Visitors will barely recognise their beloved institution, which was founded in 1827.

Neeson Murcutt and Cox Architects have revealed golden Sydney stonemasonry long concealed behind makeshift office walls. They’ve upgraded accessibility and generally created a space of open, light-filled beauty.

The commercial imperative to carve out a new touring exhibition hall to enable to museum to accommodate even the biggest objects was the real driving force behind the building project, dubbed Project Discover.

And museum objects don’t come much bigger than Scotty, the cast of a 12m T. rex skeleton discovered in Saskatchewan, Canada.

The $57.5 million transformation has opened up the museum. Picture: Sam Ruttyn.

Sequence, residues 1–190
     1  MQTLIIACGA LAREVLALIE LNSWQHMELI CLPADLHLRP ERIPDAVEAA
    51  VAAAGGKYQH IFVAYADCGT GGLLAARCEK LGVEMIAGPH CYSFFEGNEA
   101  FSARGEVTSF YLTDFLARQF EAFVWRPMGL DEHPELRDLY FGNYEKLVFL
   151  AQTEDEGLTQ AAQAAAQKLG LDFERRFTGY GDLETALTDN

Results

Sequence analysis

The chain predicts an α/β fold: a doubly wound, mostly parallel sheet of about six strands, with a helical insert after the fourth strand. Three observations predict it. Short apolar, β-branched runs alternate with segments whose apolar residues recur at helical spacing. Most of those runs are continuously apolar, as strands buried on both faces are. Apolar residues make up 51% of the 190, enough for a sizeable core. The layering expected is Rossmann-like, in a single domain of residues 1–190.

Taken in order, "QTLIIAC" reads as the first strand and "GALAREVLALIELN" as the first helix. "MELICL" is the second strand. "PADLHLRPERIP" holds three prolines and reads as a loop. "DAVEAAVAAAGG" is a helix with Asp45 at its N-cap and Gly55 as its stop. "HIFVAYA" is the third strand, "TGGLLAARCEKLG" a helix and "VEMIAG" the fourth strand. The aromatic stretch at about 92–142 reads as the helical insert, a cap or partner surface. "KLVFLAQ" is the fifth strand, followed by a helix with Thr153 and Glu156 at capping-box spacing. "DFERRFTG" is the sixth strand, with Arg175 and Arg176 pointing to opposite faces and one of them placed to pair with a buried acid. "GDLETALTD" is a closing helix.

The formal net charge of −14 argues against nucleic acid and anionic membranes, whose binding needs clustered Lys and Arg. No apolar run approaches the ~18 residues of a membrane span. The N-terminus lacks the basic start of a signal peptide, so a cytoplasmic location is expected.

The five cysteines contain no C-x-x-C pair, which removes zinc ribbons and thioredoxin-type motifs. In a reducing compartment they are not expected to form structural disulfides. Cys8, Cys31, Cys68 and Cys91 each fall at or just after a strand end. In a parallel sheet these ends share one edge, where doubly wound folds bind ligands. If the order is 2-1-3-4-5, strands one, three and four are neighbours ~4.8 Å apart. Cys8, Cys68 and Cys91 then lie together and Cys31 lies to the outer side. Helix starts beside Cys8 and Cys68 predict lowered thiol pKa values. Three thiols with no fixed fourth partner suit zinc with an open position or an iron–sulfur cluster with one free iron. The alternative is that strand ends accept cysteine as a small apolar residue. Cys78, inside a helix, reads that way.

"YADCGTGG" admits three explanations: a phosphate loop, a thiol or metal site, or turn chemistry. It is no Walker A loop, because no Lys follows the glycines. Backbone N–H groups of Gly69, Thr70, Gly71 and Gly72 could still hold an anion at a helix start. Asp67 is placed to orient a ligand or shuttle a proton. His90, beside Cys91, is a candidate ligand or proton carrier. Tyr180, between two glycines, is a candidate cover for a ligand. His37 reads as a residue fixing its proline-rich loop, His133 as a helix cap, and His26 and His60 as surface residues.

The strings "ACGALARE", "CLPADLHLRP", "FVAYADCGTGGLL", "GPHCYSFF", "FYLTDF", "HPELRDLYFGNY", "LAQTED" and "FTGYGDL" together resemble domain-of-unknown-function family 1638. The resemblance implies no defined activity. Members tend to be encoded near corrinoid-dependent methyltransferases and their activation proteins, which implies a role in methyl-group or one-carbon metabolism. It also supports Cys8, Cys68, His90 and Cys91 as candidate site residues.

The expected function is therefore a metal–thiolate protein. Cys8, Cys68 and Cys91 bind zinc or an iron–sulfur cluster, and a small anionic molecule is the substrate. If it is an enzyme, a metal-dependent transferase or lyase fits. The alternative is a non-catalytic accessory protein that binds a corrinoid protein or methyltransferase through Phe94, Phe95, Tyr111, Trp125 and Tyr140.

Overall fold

Scotty is the undoubted eye-popper in the museum’s major reopening exhibition, Tyrannosaurs — Meet the Family.

Scotty represents one of the biggest T. rex specimens ever discovered, but there’s lots more to see.

There are life-size models of Dilong and Guanlong (early, small, feathered relatives of T. rex discovered in China), a cast of a Velociraptor skeleton, and a wall of fossil skull of bone-crunchers like Appalachiosaurus and Tarbosaurus.

There are fossil casts of the newly discovered, 78kg lightweight moros intrepidus, found in Utah, and specimens of tyrannosaur eggs, the bones they once gnawed on, and casts of coprolites (dino dung).

At the entrance to the exhibition is an augmented reality display in which dinosaurs run through the streets of Sydney.

The exhibits are scarily lifelike.

The feather-covered dilong is fluffed and ready for the big reveal.

While visitors will pay for a ticket to see Tyrannosaurs — Meet the Family, the rest of the museum can be enjoyed for free.

The Australian Geographic Nature Photographer of the Year exhibition (admission free) will also be on view, and the museum’s permanent collection areas such as the stunning Westpac Long Gallery and Wild Planet will all be open.